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Coldwater hike offers a taste of everything the volcano has to offer

Coldwater hike offers a taste of everything the volcano has to offer

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If you’re hunting for wildflowers and an inspirational experience at Mount St. Helens, now’s the time to hit trail 230A, which ascends the ridge on the east side of Coldwater Lake.

The meadows high above the lake are dancing now with red Indian paintbrush, white daises and blue mountain lupine. Foxglove and penstemon add splashes of purple. False dandelion dapples the slopes in tufts of yellow. Even in the dense alder forest that creeps up the slope from the lake is blanketed with the small white and yellow flowers.

There’s a lot more than just dainty alpine blooms to enjoy on this trip. But the thing that strikes you most on this trail is the power of the life force. Except for the highest meadows, every square inch of ground is spoken for by some plant. Bees and hummingbirds are having a nectar heyday, and bears and elk meander through the area (judging from the scat and hoofprints that hikers encounter along the trail.) No doubt, bears occasionally feast on the anthills that dot the terrain.

Indeed, a hike along this trail affirms that life is indeed more powerful than death.

Trail 230A perhaps is one of the more versatile trails in the Mount St. Helens National Volcanic Monument, in that it be hiked as a way-way trip or linked up with other trails to circumnativate Coldwater Lake or access the Mount Margaret Backcountry and Coldwater Peak. Hiking the 3.1 miles to the first trail junction, where the trail deteriorates, is about a four-hour round-trip excursion.

The trail climbs through the shoulder of a ridge that was near the heart of the Mount St. Helens’ blast zone, one ridge line north of Johnston Ridge. It had been logged just before the eruption. So there are no blown-down trees — and also why there was little that survived to jump start the recovery there.

Nature is doing a fine rehab job, as is apparent from the first steps you take from the paved and well-marked trailhead, which is along Spirit Lake Memorial Highway just as it enters the canyon of South Coldwater Creek. A dense alder forest clings to the slope of the ridge that divides Coldwater Lake from South Coldwater Creek. The first mile or so of this trail is steep (most of the 1,600 feet of elevation gain on this hike takes place within less than two miles). The alder, all of it grown since the 1980 eruption, is 40 to 50 feet high.

There are hints that the alder forest is perhaps starting to thin out, as the forest floor is filled with dappled light and a lush array of brush. As the alders mature and die, they’ll make room for conifers to sprout and thrive in soils enriched by the nitrogen-fixing alder. Perhaps this will take another three decades or so (alders only live 60 to 100 years).

The real treat of this hike, though, is when you climb up out of the forest to the ridge line. Mount St. Helens peeks above Johnston Ridge to the southeast. Meadows are packed with wildflowers that are just reaching peak bloom. Coldwater Lake, like a deep blue sapphire, lies below, stretching three miles northeastward toward Minnie Peak and the Mount Margaret Backcountry.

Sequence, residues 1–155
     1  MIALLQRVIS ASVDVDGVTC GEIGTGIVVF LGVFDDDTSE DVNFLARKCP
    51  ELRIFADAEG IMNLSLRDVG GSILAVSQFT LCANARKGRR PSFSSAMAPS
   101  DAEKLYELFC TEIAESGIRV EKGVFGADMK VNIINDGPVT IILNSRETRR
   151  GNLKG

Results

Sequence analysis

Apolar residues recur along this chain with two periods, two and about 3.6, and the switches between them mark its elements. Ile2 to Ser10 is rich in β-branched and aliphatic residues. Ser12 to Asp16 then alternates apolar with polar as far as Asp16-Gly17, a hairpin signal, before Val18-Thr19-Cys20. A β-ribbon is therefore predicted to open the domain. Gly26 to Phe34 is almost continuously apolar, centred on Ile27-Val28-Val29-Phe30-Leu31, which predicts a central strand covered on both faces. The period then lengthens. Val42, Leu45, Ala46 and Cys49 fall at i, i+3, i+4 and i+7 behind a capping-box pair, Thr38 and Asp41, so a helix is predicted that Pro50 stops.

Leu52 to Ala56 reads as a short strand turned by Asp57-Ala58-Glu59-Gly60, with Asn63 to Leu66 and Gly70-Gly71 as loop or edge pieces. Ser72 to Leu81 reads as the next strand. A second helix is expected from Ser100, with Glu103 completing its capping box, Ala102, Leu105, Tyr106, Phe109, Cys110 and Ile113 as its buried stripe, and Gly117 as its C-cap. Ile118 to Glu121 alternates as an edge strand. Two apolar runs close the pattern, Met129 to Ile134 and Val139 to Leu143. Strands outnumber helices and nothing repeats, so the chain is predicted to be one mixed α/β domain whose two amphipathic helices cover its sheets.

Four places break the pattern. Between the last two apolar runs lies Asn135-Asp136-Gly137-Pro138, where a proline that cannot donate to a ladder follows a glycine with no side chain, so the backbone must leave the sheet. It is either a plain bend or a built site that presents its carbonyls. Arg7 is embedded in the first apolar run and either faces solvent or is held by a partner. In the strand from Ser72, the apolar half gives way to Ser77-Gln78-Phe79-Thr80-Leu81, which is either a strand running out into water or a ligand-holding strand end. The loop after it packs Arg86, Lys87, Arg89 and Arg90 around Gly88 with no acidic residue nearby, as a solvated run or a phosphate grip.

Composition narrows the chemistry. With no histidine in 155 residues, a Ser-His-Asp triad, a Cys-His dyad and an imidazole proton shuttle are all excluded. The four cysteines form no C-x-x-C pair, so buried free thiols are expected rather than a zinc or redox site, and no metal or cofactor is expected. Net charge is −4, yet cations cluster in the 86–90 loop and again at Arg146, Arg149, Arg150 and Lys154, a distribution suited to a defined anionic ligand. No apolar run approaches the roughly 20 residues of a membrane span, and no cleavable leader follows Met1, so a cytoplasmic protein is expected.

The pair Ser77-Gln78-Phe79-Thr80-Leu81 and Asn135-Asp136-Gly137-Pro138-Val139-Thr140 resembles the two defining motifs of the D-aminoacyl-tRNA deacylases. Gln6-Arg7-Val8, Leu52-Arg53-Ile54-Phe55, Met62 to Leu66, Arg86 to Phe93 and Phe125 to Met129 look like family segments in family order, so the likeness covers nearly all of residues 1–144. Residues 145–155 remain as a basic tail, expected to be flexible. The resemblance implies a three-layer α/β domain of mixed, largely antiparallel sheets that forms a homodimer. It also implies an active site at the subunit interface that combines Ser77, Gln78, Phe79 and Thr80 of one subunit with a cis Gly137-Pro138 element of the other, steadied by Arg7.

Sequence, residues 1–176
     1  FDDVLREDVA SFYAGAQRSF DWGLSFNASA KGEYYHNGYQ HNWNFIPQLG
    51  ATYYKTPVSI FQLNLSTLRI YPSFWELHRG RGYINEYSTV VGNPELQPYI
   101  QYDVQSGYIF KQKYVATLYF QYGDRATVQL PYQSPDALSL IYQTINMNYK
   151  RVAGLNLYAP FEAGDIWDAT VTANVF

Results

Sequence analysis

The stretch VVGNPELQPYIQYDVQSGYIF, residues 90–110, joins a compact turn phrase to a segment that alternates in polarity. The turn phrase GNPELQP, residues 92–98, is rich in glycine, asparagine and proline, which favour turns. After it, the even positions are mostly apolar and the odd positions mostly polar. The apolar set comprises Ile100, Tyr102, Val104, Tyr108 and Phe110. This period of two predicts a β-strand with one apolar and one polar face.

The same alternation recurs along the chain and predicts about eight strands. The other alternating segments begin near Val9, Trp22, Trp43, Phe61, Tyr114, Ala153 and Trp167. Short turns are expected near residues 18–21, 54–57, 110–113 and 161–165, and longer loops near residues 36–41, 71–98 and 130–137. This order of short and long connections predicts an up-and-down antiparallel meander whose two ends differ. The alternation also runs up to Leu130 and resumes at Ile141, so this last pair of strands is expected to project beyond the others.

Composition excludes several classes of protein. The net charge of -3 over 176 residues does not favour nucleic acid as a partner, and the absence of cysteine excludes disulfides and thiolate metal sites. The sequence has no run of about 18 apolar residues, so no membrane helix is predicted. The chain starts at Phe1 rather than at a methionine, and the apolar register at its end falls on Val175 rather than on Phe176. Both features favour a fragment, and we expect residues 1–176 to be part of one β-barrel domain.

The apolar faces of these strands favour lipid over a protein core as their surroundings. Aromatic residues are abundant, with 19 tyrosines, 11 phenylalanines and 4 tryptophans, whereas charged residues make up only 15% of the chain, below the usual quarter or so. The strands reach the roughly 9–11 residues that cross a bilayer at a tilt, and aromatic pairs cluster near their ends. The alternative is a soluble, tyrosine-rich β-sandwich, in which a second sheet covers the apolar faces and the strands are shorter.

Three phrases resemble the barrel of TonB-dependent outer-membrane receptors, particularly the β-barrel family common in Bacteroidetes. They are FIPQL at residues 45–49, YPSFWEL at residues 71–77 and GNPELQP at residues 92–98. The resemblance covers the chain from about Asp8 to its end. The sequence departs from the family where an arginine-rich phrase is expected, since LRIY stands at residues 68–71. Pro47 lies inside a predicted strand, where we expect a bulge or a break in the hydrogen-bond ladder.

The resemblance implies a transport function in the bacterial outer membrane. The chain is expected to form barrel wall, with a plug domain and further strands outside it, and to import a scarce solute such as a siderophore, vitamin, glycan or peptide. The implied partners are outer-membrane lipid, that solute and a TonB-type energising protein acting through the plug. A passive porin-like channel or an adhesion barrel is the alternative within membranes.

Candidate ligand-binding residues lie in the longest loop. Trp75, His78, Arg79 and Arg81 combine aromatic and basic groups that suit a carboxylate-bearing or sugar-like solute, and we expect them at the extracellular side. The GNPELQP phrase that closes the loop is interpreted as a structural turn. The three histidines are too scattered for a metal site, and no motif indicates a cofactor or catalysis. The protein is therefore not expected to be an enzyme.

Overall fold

Hikers soon encounter an old logging winch, twisted logging tower and a bulldozer sandblasted by the eruption. Rusting, inch-thick logging cables still lie across the trail. These machines will take centuries to rust away, but eventually they will be absorbed by the forest that replaces the one these machines helped cut away.

The machinery is your first clue that the upper portion of Trail 230A traverses an old logging road. The presence of this road — and others sliced into the steep slope on the northwest side of Coldwater Lake — leaves one questioning why roads were cut into such steep terrain in the first place. Several washouts and erosion-cut gullies originating from these road gash the hillslides, creating fans of alluvial debris in the lake.

The volcano, of course, did much worse ecological damage. Rocks and pumice scattered off the trail — the shrapnel from the lateral explosion that blasted the landscape on May 18, 1980 — is a reminder of that. But even on the ridgetops, where water is scarce, winter is harsh and summer is brutal, life continues to conquer the once-dead landscape. Besides the wildflowers, small firs eek out an existence, despite the nibbling of predators. Alders are here, too, but they’ve reduced to multi-suckered shrubs by hungry deer and elk.

Allthough it was logged away nearly four decades ago, it’s still possible to envision the old growth forest that fell to society’s demand for lumber nearly four decades ago. Many a beefy stump still stubble the landscape, not only showing the size of those trees, but the remarkable open feeling of a mature forest.

In a couple centuries, the forest emerging here will resemble that one. Here’s your chance to see what it looked like as a youngster.


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